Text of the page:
To be fair, it doesn't matter who said it. To be fair, I don't care what's fair to Betty Jo Shelby. To be fair, she should her have her badge and her gun stripped away from her, convicted of manslaughter and tossed in the deepest, darkest shithole prison in Oklahoma.

    Now that...THAT'S FAIR.

  14. #39
    Learning to read more, post less cmhbob's Avatar
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    I don't disagree with you on her punishment. My point was that someone else deserves the blame for the bad dude comment, and that that person shouldn't be ignored.

  15. #40
    Learning to read more, post less cmhbob's Avatar
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  16. #41
    Learning to read more, post less cmhbob's Avatar
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    Closing arguments were today. The jury got the case around noon, and came back with a decision by about 9. At one point they asked the judge if they could explain their decision; he said not in open court.

    She was found not guilty. Jurors are crying, according to one tweet.

    I'll link to articles when they come up.

    Edit: one article: http://www.tulsaworld.com/news/betty...c5da4cc03.html
    Last edited by cmhbob; 05-18-2017 at 07:29 AM.

  17. #42
    Lost in the Fog rugcat's Avatar
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    That is a travesty.
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  18. #43
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    Sometimes when this happens I get mad and I want to curse the absence of justice, the sanctioning of slaughtering Black men, women and children because White people are scared of them. Sometimes I want to pick up the torch, the brick, the knife or the gun and I want to lash out and be cruel and brutal and savage. In the face of such unrelenting cruelty, brutality and savagery, what other response makes any sense?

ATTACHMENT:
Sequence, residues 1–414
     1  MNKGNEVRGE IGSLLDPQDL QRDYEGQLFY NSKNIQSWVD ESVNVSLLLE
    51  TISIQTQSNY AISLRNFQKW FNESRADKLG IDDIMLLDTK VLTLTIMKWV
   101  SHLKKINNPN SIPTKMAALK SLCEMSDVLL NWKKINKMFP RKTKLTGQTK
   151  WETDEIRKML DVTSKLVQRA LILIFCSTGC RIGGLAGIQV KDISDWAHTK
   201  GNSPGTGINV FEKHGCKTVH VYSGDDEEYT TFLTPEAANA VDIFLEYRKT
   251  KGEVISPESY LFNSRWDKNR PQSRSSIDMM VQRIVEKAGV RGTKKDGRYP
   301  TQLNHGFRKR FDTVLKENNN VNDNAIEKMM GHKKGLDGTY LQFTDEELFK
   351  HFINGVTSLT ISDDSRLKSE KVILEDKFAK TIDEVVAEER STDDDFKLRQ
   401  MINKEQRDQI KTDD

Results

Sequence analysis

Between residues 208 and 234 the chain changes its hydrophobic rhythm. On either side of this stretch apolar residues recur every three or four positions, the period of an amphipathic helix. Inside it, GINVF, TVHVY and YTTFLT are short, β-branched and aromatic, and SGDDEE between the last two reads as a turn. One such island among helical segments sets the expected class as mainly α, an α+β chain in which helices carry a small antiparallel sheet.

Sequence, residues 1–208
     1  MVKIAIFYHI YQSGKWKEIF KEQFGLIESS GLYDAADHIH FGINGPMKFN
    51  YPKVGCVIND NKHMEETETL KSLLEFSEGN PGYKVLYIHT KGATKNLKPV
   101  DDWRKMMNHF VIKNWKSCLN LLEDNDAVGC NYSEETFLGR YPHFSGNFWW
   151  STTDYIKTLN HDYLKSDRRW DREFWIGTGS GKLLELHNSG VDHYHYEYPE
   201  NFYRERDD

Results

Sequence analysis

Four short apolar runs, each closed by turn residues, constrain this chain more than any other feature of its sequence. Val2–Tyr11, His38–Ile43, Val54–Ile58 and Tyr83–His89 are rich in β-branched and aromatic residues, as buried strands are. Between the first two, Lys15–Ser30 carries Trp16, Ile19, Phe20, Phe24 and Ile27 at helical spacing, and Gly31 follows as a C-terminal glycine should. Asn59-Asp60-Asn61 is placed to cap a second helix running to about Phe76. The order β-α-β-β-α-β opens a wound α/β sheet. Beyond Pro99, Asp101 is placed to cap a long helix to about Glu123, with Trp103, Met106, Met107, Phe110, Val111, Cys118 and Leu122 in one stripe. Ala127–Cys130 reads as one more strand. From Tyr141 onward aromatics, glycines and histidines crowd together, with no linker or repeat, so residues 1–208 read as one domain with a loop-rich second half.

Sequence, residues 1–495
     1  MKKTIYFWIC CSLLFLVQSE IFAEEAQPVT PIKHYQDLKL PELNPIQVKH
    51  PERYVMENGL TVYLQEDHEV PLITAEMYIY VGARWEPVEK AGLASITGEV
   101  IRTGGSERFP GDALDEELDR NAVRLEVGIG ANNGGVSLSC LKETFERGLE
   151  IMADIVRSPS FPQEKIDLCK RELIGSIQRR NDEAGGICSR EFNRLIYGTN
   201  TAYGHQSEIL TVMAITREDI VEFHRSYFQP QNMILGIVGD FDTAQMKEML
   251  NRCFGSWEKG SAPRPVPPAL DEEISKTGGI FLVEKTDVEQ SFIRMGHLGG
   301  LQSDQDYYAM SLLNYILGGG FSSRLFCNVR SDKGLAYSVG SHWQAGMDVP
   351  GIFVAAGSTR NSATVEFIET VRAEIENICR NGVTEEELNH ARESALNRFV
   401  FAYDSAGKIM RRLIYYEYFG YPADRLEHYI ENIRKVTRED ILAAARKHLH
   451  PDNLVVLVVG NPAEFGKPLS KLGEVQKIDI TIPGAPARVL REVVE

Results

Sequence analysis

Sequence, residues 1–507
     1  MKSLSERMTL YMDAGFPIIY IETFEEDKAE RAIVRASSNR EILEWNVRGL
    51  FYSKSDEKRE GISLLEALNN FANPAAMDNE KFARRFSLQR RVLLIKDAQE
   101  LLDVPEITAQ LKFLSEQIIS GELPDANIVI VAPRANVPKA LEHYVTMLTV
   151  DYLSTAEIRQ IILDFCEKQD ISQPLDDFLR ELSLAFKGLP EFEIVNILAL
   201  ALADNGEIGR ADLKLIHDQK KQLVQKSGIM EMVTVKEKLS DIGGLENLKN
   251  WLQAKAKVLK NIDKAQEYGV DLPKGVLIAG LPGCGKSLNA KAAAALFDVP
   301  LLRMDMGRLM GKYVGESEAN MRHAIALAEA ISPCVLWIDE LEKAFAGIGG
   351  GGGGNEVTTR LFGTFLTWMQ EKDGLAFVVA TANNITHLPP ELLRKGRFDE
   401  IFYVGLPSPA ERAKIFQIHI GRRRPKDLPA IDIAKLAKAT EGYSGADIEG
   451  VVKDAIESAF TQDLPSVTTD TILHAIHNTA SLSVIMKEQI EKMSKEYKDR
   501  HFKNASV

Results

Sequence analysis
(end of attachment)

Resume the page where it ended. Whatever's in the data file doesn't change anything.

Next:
Then I recall I'm a rational and reasoning human being who doesn't surrender to his more barbaric instincts. Responding to a clenched fist with another clenched fist is very satisfying. It also gets you nowhere. Acts of violence cannot be met with more acts of violence.

    But here we are, 25 years removed from America's last great race riots and we have learned nothing. We are even more angry with each other. We are more suspicious of each other. We are more distrustful of each other.

    And when shit like this happens our vast racial chasm makes a lot of sense to me. I will never understand how someone like Betty Shelby goes free for murdering someone like Terrence Crutcher, but the power of White Fear and how mercilessly it snuffs out Black Lives is nothing to scoff at.

    Crutcher had PCP in his system. Crutcher may not have fully complied to the officers' commands. Crutcher was not armed. Crutcher's hands were empty and raised. Crutcher was a large brother. Crutcher did not charge or attack the officers. Crutcher didn't do anything to deserve being dead, but he's dead anyway.

    It's like acid dripping on your arm. It burns, it sears, it hurts. It hurts like hell and as it burns deep, the anger and the hate grows. It grows like a flame and it burns hot and high.

    Someone should pay for this, but nobody will. Next time it might be me who does something a fearful cop with a gun doesn't like. Mostly because I'm walking around in this Black skin suit that doesn't come off.

    If it happens, whose fault will it be? My fault, of course. I'm Black. I must have done something. I must be guilty until proven innocent.